MELO: Web exclusive content needs to be more concise and more easily scanned than magazine content.

Subheads, bulleted lists and bolded words for emphasis work best for easy scanning for the web reader. Be clear, concise and compelling. Always serve the reader first.

Up next: Stay tuned for Part 2, where I'll post our editors' responses to my next question: "What are your tips for writing web-friendly articles for magazines (i.e., what format works best, SEO considerations, web-friendly packaging, etc.)?"

Thursday, April 29, 2010

Learn to Blog: Three Books Show You How (Part 3 of 3)

The American Society of Journalists and Authors (ASJA) asked me to review a handful of books on blogging.

Here's review number three (review one: Problogger; review two: The Huffington Post Complete Guide to Blogging).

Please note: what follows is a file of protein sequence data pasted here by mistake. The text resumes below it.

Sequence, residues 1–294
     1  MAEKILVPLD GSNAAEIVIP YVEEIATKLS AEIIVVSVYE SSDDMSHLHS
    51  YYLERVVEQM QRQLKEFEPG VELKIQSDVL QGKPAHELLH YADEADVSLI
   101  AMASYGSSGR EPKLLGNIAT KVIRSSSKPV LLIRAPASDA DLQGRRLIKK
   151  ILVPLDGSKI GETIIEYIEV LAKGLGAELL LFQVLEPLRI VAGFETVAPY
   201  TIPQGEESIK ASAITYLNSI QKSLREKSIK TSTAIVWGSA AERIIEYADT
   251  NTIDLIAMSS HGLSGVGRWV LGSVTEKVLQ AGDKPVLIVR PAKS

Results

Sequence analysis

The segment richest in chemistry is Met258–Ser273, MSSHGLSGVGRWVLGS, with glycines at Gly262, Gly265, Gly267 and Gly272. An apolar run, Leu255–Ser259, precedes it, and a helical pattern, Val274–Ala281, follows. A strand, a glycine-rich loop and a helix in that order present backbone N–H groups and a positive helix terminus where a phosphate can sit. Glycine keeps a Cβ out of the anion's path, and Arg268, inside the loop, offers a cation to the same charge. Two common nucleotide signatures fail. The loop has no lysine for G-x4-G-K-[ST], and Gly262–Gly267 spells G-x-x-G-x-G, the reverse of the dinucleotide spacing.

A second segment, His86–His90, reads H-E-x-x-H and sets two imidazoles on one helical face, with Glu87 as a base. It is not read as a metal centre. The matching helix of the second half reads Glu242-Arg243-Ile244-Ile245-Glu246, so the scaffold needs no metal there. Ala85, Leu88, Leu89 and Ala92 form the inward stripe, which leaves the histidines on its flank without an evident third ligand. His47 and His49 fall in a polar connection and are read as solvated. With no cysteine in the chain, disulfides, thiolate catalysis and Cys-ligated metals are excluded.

Naked Conversations: How Blogs Are Changing the Way Businesses Talk with Customers. By Robert Scoble and Shel Israel, John Wiley & Sons, 2006, 251 pages, $24.95.

If your corporate clients are having trouble seeing the value of hiring you as a blog writer or consultant, consider citing one or more of the case studies in this book.

Naked Conversations is all about convincing businesspeople why they should blog. The authors (Scoble runs the enormously popular use real-life examples to illustrate the business-related benefits of good blogging and the perils of bad blogging.

While some case studies went into more detail than I needed (Microsoft: I’m glad blogging helped you elevate your public image), I particularly liked the chapter on why blogs go wrong. For example, inauthentic blogs cause companies to quickly lose credibility among customers online. I’m glad I missed the McDonald’s Lincoln Fry blog, which the company quickly canned after members of the blogosphere labeled the blog about a French fry resembling president Lincoln as incredibly lame.